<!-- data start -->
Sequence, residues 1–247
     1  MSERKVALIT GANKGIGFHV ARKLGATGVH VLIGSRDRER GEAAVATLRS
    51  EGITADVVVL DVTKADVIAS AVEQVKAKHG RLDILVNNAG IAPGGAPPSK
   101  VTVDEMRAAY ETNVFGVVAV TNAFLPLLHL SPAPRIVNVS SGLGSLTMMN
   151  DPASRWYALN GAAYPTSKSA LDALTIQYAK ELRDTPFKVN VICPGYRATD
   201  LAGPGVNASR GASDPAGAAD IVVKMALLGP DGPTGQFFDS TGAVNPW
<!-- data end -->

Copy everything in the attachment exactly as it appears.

Sequence, residues 1–247
     1  MSERKVALIT GANKGIGFHV ARKLGATGVH VLIGSRDRER GEAAVATLRS
    51  EGITADVVVL DVTKADVIAS AVEQVKAKHG RLDILVNNAG IAPGGAPPSK
   101  VTVDEMRAAY ETNVFGVVAV TNAFLPLLHL SPAPRIVNVS SGLGSLTMMN
   151  DPASRWYALN GAAYPTSKSA LDALTIQYAK ELRDTPFKVN VICPGYRATD
   201  LAGPGVNASR GASDPAGAAD IVVKMALLGP DGPTGQFFDS TGAVNPW